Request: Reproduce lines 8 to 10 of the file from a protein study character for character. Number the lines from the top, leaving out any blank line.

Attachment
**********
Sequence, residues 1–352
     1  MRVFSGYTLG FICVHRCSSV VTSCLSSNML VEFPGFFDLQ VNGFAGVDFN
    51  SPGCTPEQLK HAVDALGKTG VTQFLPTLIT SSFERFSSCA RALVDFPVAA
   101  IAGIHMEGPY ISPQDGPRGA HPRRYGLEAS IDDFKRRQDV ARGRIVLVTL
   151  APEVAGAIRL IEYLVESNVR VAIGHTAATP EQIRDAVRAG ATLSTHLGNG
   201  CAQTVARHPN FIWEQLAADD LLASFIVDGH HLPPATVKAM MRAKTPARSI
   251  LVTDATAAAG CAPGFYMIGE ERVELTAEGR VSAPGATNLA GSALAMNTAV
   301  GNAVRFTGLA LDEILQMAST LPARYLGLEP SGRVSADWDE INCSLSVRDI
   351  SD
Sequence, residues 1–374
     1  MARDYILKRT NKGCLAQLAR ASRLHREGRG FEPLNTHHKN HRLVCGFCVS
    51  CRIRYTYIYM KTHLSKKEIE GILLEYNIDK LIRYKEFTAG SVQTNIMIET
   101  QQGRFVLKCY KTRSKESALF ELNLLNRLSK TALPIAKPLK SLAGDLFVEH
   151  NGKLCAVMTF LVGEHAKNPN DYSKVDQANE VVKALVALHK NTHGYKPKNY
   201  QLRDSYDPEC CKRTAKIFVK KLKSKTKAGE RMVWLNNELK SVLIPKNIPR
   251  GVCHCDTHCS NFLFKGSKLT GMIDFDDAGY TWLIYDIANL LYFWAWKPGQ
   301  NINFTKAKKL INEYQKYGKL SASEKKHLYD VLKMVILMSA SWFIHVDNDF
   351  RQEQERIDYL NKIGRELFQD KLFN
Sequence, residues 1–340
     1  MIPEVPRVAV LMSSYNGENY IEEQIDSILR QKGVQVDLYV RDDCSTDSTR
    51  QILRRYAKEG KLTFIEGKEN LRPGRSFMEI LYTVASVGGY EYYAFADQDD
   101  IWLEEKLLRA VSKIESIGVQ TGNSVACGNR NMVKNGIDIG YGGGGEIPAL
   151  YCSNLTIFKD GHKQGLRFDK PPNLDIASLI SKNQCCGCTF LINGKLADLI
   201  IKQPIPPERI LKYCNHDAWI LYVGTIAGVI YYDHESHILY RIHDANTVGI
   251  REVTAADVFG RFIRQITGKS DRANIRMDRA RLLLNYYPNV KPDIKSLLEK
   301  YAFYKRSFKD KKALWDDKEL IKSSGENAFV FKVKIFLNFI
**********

   301  GNAVRFTGLA LDEILQMAST LPARYLGLEP SGRVSADWDE INCSLSVRDI
   351  SD
Sequence, residues 1–374